'The cool intensity and strange beauty of Blue Ticket is a wonder - be sure to read everything Sophie Mackintosh writes' Deborah Levy, author of Hot Milk
'Dreamlike, tense, compelling... Blue Ticket adds something new to the dystopian tradition set by Orwell's 1984 or Atwood's The Handmaid's Tale... Piercing moments of wisdom and insight drive toward a pitch-perfect ending' The New York Times
Calla knows how the lottery works. Everyone does. On the day of your first bleed, you report to the station to learn what kind of woman you will be. A white ticket grants you children. A blue ticket grants you freedom. You are relieved of the terrible burden of choice. And, once you've taken your ticket, there is no going back.
But what if the life you're given is the wrong one?
Blue Ticket is a devastating enquiry into free will and the fraught space of motherhood. Bold and chilling, it pushes beneath the skin of female identity and patriarchal violence, to the point where human longing meets our animal bodies.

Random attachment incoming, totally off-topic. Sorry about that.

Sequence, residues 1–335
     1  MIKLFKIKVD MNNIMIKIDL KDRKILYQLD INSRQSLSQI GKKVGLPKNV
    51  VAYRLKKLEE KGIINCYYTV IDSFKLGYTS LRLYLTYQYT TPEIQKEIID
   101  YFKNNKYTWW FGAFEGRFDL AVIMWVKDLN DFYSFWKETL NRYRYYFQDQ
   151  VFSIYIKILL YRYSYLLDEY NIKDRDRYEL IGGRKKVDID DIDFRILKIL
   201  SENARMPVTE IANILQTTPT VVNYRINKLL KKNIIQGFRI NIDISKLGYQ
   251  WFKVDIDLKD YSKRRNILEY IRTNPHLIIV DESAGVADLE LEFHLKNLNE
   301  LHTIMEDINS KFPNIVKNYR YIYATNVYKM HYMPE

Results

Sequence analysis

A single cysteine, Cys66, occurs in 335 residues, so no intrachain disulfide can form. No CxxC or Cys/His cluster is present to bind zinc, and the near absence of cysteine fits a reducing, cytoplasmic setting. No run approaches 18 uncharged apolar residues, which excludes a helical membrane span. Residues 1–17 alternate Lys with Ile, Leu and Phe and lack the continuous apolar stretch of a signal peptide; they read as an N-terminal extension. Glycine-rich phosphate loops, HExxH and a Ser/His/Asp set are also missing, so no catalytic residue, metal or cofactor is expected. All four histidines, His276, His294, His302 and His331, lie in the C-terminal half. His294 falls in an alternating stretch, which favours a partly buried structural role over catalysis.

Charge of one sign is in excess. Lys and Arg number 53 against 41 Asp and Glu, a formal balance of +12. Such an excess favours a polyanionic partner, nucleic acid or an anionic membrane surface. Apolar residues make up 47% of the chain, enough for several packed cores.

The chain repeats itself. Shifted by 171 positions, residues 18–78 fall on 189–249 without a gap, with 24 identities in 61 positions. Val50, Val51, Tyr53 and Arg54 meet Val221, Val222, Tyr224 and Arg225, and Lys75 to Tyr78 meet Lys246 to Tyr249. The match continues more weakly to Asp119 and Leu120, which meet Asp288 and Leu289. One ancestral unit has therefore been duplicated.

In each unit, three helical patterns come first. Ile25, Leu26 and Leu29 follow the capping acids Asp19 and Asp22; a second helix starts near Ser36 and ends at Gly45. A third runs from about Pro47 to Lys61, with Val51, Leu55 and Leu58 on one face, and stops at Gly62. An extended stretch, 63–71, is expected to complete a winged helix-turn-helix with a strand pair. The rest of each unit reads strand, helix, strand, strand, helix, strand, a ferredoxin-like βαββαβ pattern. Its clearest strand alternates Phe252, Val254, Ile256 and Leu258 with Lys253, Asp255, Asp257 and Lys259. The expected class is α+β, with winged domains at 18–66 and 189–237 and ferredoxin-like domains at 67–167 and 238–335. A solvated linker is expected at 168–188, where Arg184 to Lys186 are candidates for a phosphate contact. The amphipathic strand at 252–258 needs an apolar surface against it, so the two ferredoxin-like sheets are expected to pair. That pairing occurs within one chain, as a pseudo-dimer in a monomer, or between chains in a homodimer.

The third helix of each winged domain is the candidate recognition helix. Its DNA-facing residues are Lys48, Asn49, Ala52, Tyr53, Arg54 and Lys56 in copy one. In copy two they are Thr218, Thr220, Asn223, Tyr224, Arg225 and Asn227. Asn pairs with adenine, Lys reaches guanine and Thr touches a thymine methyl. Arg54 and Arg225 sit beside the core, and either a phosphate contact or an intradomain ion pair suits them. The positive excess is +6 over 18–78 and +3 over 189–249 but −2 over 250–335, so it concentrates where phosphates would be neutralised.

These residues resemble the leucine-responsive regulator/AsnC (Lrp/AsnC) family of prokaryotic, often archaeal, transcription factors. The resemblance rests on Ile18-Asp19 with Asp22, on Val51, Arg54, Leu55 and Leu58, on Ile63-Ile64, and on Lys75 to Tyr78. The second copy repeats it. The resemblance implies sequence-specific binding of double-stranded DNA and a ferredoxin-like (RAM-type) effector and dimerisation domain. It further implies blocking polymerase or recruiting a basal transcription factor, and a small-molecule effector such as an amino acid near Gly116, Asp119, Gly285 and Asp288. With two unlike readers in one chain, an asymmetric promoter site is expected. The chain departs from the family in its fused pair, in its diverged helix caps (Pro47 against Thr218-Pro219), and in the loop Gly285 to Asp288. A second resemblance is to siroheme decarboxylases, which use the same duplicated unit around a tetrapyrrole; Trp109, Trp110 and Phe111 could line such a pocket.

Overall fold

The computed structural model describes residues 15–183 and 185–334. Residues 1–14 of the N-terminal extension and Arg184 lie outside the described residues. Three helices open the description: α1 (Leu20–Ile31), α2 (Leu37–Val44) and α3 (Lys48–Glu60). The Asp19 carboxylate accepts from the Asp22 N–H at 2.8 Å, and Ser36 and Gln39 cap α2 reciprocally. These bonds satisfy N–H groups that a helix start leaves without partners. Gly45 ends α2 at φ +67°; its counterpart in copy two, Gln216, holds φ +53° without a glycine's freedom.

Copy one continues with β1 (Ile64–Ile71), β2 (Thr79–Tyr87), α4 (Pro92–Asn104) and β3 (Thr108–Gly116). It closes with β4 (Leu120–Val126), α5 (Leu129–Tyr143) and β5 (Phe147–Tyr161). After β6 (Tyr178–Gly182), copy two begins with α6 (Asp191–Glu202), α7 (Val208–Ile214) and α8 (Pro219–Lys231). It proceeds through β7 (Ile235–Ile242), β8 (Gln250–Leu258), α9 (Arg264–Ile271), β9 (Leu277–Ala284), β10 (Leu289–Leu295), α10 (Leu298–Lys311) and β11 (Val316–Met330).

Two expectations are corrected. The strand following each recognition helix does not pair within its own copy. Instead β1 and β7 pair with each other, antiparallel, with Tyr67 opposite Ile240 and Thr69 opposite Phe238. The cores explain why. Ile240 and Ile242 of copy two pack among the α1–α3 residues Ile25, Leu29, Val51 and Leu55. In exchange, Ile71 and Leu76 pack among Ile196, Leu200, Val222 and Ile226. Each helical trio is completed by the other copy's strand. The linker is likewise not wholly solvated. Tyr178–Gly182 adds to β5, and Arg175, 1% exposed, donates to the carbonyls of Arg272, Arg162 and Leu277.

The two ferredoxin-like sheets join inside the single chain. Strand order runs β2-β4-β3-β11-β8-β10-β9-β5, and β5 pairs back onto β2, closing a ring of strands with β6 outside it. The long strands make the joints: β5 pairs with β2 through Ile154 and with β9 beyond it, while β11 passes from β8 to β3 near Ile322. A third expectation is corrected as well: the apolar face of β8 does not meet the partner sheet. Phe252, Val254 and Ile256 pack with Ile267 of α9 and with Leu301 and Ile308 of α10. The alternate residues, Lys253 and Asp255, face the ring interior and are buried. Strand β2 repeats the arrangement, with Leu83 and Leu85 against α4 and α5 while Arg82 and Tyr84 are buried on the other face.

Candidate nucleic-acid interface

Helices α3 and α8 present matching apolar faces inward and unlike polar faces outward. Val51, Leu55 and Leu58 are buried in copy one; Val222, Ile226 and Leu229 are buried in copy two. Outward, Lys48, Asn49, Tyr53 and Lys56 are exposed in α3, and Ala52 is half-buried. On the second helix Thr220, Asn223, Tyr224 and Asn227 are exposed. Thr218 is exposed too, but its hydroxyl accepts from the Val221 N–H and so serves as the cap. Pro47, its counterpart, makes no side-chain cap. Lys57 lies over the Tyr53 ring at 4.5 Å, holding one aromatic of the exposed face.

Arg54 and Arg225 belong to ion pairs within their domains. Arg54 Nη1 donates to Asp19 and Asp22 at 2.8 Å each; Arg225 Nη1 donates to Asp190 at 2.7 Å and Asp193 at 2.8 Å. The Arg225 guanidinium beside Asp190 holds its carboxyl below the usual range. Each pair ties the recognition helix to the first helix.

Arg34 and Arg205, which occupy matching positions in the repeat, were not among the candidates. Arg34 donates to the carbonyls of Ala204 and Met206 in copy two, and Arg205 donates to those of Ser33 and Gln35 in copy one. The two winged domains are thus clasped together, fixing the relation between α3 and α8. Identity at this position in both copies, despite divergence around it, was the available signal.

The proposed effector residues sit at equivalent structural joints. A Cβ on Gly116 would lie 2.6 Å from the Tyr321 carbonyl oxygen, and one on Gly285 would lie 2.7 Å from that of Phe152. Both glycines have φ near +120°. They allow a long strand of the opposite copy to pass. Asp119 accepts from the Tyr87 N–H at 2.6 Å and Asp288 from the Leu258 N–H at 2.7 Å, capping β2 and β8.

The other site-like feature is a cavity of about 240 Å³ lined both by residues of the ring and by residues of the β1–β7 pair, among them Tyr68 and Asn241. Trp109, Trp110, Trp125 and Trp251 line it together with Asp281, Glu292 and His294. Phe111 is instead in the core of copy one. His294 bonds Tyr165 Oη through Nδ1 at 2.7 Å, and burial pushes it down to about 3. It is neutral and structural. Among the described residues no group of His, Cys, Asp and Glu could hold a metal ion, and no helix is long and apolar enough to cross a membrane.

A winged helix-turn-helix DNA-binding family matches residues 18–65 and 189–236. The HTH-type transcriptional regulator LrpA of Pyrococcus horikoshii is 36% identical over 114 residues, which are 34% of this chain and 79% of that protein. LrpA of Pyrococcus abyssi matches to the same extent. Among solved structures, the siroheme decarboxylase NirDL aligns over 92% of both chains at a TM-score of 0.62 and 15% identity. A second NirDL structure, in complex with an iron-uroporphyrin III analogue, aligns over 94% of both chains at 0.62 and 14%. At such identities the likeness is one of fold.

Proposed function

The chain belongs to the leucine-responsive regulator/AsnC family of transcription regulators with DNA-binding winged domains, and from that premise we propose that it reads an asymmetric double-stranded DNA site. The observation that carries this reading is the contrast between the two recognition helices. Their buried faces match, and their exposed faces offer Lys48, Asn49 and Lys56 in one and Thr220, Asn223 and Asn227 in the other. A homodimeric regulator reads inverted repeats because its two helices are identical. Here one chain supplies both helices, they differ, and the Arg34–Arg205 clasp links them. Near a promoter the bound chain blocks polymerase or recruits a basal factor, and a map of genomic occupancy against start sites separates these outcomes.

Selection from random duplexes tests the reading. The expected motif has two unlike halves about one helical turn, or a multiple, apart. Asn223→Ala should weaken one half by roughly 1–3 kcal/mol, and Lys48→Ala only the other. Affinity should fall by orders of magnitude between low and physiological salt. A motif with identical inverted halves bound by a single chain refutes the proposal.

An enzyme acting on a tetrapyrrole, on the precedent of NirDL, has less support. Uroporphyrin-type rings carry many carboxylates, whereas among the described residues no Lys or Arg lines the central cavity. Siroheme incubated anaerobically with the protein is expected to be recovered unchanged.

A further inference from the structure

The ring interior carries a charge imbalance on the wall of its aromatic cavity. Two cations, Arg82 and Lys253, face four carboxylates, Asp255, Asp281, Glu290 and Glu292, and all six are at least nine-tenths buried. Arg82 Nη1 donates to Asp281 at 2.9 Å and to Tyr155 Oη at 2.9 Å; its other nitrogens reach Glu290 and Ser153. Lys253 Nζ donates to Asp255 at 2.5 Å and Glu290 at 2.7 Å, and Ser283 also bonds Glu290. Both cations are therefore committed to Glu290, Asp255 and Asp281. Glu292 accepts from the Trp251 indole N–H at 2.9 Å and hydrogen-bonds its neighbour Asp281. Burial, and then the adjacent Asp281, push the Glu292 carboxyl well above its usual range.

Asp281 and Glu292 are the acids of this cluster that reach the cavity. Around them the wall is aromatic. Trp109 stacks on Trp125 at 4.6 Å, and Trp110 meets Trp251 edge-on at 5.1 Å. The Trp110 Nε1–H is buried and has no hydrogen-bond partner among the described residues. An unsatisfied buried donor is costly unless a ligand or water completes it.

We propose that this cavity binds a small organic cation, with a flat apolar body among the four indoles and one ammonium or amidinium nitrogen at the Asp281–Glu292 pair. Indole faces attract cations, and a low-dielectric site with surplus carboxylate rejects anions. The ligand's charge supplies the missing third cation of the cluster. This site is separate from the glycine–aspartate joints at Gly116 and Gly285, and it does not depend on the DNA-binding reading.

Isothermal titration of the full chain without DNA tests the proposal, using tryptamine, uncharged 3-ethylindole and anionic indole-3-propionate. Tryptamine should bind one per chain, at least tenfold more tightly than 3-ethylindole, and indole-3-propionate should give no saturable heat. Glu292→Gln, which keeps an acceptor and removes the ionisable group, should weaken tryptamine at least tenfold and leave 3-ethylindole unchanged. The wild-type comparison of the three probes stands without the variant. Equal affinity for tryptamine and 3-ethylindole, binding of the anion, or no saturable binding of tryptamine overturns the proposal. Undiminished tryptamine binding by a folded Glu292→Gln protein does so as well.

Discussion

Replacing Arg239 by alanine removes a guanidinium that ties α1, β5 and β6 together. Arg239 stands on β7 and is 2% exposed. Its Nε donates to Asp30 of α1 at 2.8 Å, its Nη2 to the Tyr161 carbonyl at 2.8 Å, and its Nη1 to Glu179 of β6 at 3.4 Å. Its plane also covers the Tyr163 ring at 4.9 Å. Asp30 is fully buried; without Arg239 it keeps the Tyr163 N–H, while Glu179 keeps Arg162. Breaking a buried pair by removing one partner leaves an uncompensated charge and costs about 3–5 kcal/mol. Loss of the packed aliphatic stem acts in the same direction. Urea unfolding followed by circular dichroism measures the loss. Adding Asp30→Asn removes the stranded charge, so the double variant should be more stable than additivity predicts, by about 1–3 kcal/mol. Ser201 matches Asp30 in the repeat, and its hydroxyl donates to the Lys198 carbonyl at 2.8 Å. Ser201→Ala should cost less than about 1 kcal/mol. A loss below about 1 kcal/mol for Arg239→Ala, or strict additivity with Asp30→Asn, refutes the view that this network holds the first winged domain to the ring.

Firstly I really like this cover. It totally grabbed my attention when I saw it. This storyline is totally different to what I normally read.
Calla lives with her dad. When her menstruation starts she’s taken to The Lottery. Given a blue or white ticket determines if they can have children or not. A blue ticket means she can’t have children. However what if she really does want a child?
This is a disturbing and uncomfortable read yet I couldn’t get enough of it.
ABOUT THE AUTHOR
Sophie Mackintosh was born in South Wales in 1988, and is currently based in London. Her fiction, essays and poetry have been published by Granta, The White Review, The New York Times and The Stinging Fly, among others. Her short story ‘Grace’ was the winner of the 2016 White Review Short Story Prize, and her story ‘The Running Ones’ won the Virago/Stylist Short Story competition in 2016.
Sophie’s debut novel The Water Cure was published by Hamish Hamilton in the UK in Spring 2018 and by Doubleday in the US in early 2019 to critical acclaim, and was long-listed for the Man Booker Prize.